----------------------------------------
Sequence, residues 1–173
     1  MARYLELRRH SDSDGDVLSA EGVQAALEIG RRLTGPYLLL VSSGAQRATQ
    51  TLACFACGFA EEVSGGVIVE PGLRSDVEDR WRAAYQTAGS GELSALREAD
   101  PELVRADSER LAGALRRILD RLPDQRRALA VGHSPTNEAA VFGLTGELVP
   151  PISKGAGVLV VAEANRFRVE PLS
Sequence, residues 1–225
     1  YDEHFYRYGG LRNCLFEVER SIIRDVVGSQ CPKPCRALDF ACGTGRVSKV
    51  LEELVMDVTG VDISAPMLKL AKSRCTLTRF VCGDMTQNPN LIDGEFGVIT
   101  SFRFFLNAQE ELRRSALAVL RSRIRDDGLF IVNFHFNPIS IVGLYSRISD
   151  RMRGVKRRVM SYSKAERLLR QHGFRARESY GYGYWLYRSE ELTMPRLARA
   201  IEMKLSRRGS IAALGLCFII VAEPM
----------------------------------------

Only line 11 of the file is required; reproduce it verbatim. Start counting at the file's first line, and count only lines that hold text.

   201  IEMKLSRRGS IAALGLCFII VAEPM